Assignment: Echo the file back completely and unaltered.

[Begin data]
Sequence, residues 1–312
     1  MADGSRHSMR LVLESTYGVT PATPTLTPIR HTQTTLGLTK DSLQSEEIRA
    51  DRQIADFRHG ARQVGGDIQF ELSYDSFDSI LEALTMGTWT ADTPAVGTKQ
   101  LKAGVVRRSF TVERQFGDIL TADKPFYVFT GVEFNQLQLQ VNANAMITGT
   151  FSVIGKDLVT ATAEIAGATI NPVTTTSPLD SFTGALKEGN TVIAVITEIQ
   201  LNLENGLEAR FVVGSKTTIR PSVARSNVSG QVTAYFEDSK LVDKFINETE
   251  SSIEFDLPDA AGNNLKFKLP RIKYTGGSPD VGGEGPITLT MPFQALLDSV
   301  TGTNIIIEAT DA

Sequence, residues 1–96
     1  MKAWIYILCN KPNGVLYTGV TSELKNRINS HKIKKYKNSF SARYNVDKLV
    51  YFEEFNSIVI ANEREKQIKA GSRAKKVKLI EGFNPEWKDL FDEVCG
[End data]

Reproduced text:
Sequence, residues 1–312
     1  MADGSRHSMR LVLESTYGVT PATPTLTPIR HTQTTLGLTK DSLQSEEIRA
    51  DRQIADFRHG ARQVGGDIQF ELSYDSFDSI LEALTMGTWT ADTPAVGTKQ
   101  LKAGVVRRSF TVERQFGDIL TADKPFYVFT GVEFNQLQLQ VNANAMITGT
   151  FSVIGKDLVT ATAEIAGATI NPVTTTSPLD SFTGALKEGN TVIAVITEIQ
   201  LNLENGLEAR FVVGSKTTIR PSVARSNVSG QVTAYFEDSK LVDKFINETE
   251  SSIEFDLPDA AGNNLKFKLP RIKYTGGSPD VGGEGPITLT MPFQALLDSV
   301  TGTNIIIEAT DA

Sequence, residues 1–96
     1  MKAWIYILCN KPNGVLYTGV TSELKNRINS HKIKKYKNSF SARYNVDKLV
    51  YFEEFNSIVI ANEREKQIKA GSRAKKVKLI EGFNPEWKDL FDEVCG